When utilities, including broadband providers, need to cross railroad rights-of-way to serve customers, some railroad operators have been known to press their advantage. Several states have addressed utility complaints by establishing standardized rates and setting up processes to create a more reasonable and predictable system. Eliminating this obstacle to deployment is another step in bringing broadband to the communities that need it the most.
Across the country, state legislatures are ushering in better rural connectivity by passing new laws that enable electric cooperatives to expand high-quality Internet access. In recent years, much of this legislation has authorized co-ops to deploy broadband infrastructure along existing electric easements. Other bills have removed restrictions that previously prevented electric co-ops from providing Internet access. Together, the new legislation makes it easier for electric cooperatives to bring high-speed broadband access to their members, signaling a brighter future for unconnected rural communities
Indiana in the Lead
The community of Falmouth, Massachusetts, continues to march forward with their plans to find a way to bring better connectivity to the coastal town. Falmouth Economic Development & Industrial Corporation (EDIC) recently issued a Request for Proposals (RFP) for a feasibility study for a community network. Proposals are due August 12, 2019.
Late in June, consultants hired by Lakeland, Florida, reported to city commissioners that the community is well situated to launch a broadband utility. Lakeland has drifted between options in recent years while making investments that ultimately have contributed to their current footing.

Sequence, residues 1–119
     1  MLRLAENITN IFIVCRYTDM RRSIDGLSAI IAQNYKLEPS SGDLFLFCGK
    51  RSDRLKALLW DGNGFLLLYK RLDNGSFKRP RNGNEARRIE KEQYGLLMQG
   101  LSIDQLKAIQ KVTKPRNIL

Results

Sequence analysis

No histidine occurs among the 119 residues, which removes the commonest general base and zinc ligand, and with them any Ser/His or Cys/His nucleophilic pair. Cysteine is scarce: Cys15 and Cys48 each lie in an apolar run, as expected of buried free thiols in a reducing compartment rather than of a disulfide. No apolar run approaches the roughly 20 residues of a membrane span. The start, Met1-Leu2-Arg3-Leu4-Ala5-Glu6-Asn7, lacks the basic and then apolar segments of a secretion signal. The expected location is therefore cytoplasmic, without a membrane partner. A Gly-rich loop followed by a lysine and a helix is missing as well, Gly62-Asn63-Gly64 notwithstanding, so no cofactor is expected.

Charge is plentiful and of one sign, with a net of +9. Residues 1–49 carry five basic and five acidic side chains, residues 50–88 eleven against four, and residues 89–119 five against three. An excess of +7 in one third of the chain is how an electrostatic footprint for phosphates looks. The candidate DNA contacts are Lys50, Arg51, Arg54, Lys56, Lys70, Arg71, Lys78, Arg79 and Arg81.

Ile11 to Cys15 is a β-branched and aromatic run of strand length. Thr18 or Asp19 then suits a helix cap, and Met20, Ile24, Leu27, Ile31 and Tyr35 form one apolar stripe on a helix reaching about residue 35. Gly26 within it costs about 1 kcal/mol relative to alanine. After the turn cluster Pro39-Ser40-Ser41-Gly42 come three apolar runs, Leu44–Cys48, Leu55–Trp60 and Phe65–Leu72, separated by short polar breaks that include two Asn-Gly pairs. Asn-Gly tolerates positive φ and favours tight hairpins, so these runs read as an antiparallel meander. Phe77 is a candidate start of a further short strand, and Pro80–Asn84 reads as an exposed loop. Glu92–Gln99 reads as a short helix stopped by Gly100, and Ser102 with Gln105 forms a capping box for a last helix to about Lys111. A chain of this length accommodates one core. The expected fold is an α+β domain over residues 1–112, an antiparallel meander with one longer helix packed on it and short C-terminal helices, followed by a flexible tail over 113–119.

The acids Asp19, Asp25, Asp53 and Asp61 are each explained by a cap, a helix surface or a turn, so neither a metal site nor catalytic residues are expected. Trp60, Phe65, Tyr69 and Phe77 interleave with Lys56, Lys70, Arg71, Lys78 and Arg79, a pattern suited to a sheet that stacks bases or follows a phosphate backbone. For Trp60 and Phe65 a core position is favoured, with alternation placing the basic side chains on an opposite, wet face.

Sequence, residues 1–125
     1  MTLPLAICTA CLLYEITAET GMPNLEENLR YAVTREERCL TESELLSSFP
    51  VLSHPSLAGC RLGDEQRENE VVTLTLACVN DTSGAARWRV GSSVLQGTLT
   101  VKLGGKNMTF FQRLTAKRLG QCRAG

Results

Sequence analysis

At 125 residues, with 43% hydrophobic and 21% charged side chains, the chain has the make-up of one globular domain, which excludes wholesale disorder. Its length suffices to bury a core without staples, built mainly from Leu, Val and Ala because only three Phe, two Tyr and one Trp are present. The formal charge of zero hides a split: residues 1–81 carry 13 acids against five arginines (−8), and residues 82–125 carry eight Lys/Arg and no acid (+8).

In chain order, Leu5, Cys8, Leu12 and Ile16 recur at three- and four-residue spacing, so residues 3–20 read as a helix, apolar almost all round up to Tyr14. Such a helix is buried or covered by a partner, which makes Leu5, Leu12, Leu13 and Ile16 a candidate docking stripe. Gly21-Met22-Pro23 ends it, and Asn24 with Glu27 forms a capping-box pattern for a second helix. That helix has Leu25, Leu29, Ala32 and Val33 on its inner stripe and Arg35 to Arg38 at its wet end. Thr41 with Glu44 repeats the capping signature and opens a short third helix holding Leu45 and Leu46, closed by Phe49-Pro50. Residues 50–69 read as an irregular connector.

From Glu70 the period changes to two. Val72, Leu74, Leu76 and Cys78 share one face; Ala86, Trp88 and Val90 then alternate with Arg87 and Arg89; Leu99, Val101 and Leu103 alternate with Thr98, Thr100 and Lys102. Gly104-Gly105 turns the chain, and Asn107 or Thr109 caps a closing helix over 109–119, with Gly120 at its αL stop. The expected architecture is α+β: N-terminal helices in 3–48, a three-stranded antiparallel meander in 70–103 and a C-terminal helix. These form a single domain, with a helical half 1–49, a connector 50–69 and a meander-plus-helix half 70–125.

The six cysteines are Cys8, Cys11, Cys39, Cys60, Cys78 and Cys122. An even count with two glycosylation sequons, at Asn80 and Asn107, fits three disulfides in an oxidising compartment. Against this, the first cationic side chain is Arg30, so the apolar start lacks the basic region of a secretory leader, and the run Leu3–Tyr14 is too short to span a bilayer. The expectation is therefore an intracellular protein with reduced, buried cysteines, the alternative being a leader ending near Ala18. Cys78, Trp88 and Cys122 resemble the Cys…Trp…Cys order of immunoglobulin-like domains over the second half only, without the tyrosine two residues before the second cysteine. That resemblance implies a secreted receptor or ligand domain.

We last reported on the city’s activities in October 2016 when community leaders chose to seek out a private partner, issuing a Request for Proposals (RFP). Decision makers were intimidated at the thought of facing off against Charter Spectrum, citing the task of establishing a municipal network utility as too risky with aggressive incumbents willing to undercut prices.
Lack of broadband puts tribal, rural areas ‘in jeopardy,’ lawmakers told by Miranda Faulkner, Cronkite News
Duggan: Fort Collins gears up for city-owned broadband service launch by Kevin Duggan, Fort Collins Coloradoan
At the beginning of the year, our Community Broadband Networks team visited North Carolina as part of the Let’s Connect speaking tour. While preparing for the trip and after returning to Minnesota, we researched and mapped Internet access and broadband funding in the state. Here’s what we found.
About four years ago, city commissioners in the community of Chanute, Kansas, stepped back from plans to finance a Fiber-to-the-Home (FTTH) project. At the time, newly elected city leaders decided not to pursue the project, but Chanute once again has fiber on their list of priorities. Late in June, the current city commission voted 3 - 1 to deploy FTTH in two neighborhoods.
Requested by Residents
Residents from the Hillside/Sunset subdivisions and the neighborhood between 7th and 14th streets approached the city and asked to be connected. The pilot areas will include approximately 344 premises; city staff estimate connecting them will cost approximately $550,000. The vote in June authorized the city to spend idle funds from the electric utility with an expected payback within three year years.